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March 12, 2008


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Karl Miller

Excellent point, Isaac ... The Ford Motor Company wouldn't be too ridiculous -- the old Elizabethan companies were named after poncey royals and rich people, so ...

Capital campaigns appeal because they make mini-monuments of the donors. Little placards on the arm-rest, bricks in the lobby, etc. I'd happily put a bold shout-out to any patron in my program bio or something ... but it's not the same.

DC's starting to reach a saturation point, I think. The metro area has about 3 million people and they sold over 2 million tickets last year -- which is a pretty encouraging ratio for per capita theatregoing. Even smaller troupes like Stage Guild and Rorschach Theatre are working on new spaces. Signature in Virginia just opened a wonderful two-stage building a couple years ago. And someone recently plopped down in Bethesda to do off-Broadway musical hits in their own snazzy space.

It's dizzying and I fear DC is also coming close to a saturation point. Not for artists, though -- more and more work with higher and higher salaries keeps coming to town. But new theatres are like restaurants ... some crazy percentage of them close after the ribbon-cutting.


I'm right with you, Isaac. Down at Houston Grand Opera, almost all of the Studio Artist positions are endowed fellowships with names attached. From what I can tell, the folks who lend their names to the fellowships get a big kick out of not only financing a young career but also having access to chill with talented people. I mean, I would pay money to have dinner with Philip Goodwin twice a year and a wink during parties.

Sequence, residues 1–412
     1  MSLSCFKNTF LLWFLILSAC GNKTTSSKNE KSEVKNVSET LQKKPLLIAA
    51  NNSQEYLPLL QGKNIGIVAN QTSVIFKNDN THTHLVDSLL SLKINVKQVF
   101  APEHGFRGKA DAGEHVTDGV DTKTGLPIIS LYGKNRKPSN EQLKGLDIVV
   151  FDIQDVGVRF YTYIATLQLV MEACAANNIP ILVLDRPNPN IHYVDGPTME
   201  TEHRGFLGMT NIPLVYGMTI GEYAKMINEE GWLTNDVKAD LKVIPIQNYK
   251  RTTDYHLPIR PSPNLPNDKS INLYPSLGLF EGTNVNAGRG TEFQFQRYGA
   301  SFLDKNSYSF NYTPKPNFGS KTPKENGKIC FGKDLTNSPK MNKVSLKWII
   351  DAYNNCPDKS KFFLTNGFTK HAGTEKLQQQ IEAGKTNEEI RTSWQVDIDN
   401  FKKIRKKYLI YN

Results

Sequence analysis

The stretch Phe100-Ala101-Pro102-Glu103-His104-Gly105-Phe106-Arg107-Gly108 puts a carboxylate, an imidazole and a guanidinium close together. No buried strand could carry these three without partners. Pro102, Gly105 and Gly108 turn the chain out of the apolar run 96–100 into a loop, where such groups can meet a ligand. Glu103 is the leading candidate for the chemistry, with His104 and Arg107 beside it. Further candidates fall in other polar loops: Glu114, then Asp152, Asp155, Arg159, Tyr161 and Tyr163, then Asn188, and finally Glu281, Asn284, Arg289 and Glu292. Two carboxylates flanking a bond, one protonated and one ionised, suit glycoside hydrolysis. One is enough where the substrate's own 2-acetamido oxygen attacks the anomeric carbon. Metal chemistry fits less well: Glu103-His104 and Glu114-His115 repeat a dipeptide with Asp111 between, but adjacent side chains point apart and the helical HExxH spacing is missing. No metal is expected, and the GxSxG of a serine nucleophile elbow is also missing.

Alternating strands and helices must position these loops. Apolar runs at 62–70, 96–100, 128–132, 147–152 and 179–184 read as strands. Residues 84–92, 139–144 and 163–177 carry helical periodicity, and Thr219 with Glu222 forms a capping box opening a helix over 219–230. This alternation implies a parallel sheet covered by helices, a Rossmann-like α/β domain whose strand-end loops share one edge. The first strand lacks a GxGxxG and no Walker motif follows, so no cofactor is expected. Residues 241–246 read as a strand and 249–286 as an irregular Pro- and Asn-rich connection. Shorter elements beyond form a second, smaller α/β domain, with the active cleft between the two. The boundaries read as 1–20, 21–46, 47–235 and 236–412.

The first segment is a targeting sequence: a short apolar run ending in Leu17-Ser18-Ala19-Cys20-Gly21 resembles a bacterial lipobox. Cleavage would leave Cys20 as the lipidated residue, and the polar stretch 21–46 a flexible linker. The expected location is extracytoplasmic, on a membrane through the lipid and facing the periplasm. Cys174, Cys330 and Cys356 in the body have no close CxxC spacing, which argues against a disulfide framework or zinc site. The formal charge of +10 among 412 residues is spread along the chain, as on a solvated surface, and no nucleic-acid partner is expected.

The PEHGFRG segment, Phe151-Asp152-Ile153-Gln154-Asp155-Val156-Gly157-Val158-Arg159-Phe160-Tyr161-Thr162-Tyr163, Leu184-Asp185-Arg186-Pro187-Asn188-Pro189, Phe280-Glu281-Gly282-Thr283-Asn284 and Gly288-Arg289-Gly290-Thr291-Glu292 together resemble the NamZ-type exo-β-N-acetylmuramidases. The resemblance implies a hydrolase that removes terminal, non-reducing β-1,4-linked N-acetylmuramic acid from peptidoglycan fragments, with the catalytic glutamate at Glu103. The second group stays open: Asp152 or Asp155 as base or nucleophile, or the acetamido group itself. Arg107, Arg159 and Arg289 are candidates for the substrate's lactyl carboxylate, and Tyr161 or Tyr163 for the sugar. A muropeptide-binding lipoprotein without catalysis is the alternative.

This is making me nostalgic for the Arena Rep Company of yesteryear. Sigh...

David Daniel


I understand your frustration completely....BUT.... don't we already ask people to pay salaries? I know here out at APT in Wisconsin we're building a new indoor space (we're an outdoor rep) and we've been working on a new capital campaign to fund it. I also know that the new capital campaign will bite into our "normal" donations and givings that we use to cover some costs-- including salaries.

So I guess my question (really, truely, it is a question) is how are the monies received from a typical, albiet, rare, yearly donor different than the "Ford Motor Company Resident Theatre Troupe"?

What are donors giving to normally? The water bill or the leading lady?

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